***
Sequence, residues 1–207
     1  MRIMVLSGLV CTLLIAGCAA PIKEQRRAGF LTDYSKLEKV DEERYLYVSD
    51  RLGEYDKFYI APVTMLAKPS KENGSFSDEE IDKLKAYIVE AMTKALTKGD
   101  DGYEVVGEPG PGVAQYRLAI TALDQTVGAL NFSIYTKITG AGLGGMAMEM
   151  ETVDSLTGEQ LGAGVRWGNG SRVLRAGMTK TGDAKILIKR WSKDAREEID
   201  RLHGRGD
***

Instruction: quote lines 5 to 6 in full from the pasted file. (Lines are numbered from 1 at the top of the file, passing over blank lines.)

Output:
   151  ETVDSLTGEQ LGAGVRWGNG SRVLRAGMTK TGDAKILIKR WSKDAREEID
   201  RLHGRGD